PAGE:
DURING the last three years, a new method for diagnosis and localization of intracranial lesions has been developed.1 This method involves the use of radioactive isotopes or compounds tagged with a radioactive isotope, which when given to the patient are taken up preferentially by intracranial lesions. When the calvarium is monitored with a Geiger-Müller counter, a focus of high uptake designating a certain pathological process involving that part of the brain can be obtained. Thus, it is possible to locate the lesion in a majority of patients.
For many years, it has been known that the central nervous system possesses a peculiar defense mechanism, the so-called blood-brain barrier (B. B. B.), which protects the system by preventing toxic substances from getting into the nervous tissue. For example, in jaundiced patients, tissues other than that of the central nervous system may be highly tinged with bile pigments; the nervous tissue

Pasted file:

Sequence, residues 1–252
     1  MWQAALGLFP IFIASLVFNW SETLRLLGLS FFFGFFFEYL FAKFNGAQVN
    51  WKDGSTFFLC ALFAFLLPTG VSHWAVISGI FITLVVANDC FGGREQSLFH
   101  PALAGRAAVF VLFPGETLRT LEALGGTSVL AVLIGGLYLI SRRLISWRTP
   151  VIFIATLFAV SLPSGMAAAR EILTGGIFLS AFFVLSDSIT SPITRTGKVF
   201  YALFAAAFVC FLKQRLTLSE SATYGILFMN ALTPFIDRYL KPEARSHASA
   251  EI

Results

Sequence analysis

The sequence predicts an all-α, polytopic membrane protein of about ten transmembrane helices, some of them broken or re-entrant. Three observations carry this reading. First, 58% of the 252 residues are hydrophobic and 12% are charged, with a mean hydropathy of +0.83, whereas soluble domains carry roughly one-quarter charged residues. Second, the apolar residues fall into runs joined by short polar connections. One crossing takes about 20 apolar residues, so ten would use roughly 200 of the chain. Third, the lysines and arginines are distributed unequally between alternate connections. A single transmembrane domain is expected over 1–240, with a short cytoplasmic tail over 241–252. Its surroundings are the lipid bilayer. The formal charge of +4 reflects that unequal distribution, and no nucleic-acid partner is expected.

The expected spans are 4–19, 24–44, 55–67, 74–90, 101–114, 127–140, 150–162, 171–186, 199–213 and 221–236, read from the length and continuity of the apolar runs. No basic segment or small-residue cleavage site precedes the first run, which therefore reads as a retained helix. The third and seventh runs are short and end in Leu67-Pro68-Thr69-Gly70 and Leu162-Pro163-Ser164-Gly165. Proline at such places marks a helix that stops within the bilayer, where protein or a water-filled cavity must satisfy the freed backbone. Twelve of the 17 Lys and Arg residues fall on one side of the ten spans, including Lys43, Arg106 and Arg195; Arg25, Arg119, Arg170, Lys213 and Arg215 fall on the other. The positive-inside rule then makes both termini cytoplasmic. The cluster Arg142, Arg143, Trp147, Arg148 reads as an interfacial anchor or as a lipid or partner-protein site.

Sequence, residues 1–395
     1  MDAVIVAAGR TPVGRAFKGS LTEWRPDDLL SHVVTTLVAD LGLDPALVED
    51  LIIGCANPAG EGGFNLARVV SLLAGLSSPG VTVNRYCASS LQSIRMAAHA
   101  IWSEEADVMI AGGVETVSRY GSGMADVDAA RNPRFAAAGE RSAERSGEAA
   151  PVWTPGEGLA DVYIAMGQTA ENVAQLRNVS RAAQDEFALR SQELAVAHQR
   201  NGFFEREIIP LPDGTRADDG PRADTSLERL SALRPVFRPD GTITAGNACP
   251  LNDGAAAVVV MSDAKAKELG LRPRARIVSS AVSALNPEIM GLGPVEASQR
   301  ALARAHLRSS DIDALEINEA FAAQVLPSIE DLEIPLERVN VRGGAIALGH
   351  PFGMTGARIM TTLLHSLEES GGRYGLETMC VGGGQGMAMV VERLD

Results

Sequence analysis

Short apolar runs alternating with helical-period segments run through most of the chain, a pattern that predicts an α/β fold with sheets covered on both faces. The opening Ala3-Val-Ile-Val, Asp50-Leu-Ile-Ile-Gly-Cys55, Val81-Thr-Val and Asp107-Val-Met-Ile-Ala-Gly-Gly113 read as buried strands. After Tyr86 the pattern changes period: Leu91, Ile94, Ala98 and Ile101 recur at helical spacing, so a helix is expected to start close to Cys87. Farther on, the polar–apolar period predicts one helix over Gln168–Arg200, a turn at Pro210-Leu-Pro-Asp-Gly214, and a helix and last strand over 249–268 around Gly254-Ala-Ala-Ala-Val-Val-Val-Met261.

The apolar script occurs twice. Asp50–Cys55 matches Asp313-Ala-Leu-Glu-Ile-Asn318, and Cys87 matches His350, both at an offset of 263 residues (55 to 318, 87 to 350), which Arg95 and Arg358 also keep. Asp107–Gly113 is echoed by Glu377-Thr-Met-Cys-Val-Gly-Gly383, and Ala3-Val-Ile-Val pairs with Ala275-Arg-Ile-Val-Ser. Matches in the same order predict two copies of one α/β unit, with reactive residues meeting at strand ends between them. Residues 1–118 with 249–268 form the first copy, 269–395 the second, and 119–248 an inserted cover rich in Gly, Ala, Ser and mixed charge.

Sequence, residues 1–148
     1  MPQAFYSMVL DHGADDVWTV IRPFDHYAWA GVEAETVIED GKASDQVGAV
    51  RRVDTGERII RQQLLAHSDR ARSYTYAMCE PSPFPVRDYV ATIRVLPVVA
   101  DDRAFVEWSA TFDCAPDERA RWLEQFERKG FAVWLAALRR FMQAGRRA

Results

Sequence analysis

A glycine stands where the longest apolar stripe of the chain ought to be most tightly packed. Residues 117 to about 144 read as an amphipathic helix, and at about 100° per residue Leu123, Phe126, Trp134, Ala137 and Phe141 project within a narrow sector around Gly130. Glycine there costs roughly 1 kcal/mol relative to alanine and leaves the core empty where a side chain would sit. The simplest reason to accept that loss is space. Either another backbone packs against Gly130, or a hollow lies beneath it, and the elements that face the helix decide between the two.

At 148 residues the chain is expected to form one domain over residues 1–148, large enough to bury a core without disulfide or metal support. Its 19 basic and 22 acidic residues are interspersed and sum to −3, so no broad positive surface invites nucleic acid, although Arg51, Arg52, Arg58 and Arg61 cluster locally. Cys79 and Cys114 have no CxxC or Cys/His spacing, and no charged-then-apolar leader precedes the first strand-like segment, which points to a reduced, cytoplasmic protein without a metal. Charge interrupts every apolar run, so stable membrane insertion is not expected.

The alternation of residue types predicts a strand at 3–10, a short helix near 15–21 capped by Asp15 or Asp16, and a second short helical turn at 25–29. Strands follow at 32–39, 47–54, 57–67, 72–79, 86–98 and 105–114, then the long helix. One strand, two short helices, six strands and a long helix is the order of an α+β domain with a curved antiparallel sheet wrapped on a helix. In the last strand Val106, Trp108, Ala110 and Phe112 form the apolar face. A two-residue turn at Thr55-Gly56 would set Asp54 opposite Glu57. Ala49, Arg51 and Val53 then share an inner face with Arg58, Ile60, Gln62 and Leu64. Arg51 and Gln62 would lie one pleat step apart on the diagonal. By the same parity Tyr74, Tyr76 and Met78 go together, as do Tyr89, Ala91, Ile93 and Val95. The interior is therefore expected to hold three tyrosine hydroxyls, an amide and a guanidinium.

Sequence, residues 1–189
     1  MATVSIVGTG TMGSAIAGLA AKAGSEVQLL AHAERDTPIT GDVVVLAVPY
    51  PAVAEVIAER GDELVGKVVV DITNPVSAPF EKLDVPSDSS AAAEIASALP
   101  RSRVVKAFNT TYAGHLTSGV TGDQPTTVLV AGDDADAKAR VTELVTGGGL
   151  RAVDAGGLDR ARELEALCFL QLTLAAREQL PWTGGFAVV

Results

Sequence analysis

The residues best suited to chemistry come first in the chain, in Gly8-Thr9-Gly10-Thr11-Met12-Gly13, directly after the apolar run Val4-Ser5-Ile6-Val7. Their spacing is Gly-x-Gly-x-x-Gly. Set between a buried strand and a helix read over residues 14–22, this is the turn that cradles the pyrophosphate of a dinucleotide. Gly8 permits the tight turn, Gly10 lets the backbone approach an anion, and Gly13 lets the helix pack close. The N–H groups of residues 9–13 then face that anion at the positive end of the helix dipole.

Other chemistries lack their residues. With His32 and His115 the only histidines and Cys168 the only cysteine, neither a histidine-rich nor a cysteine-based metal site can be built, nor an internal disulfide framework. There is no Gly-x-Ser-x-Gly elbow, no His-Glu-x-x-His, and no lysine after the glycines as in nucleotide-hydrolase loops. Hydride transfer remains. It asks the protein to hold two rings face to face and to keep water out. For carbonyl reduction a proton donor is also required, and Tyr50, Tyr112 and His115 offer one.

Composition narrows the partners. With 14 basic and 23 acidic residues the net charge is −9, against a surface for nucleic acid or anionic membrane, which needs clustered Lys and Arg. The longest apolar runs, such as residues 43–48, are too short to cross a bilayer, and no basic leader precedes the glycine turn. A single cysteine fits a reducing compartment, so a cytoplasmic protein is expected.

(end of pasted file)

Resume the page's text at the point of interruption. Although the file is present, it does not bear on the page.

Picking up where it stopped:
CHOU SN, AUST JB, PEYTON WT, MOORE GE. RADIOACTIVE ISOTOPES IN LOCALIZATION OF INTRACRANIAL LESIONSA Survey of Various Types of Isotopes and "Tagged Compounds" Useful in the Diagnosis and Localization of Intracranial Lesions with Special Reference to the Use of Radioactive Iodine-Tagged Human Serum Albumin. AMA Arch Surg. 1951;63(4):554-560. doi:10.1001/archsurg.1951.01250040564017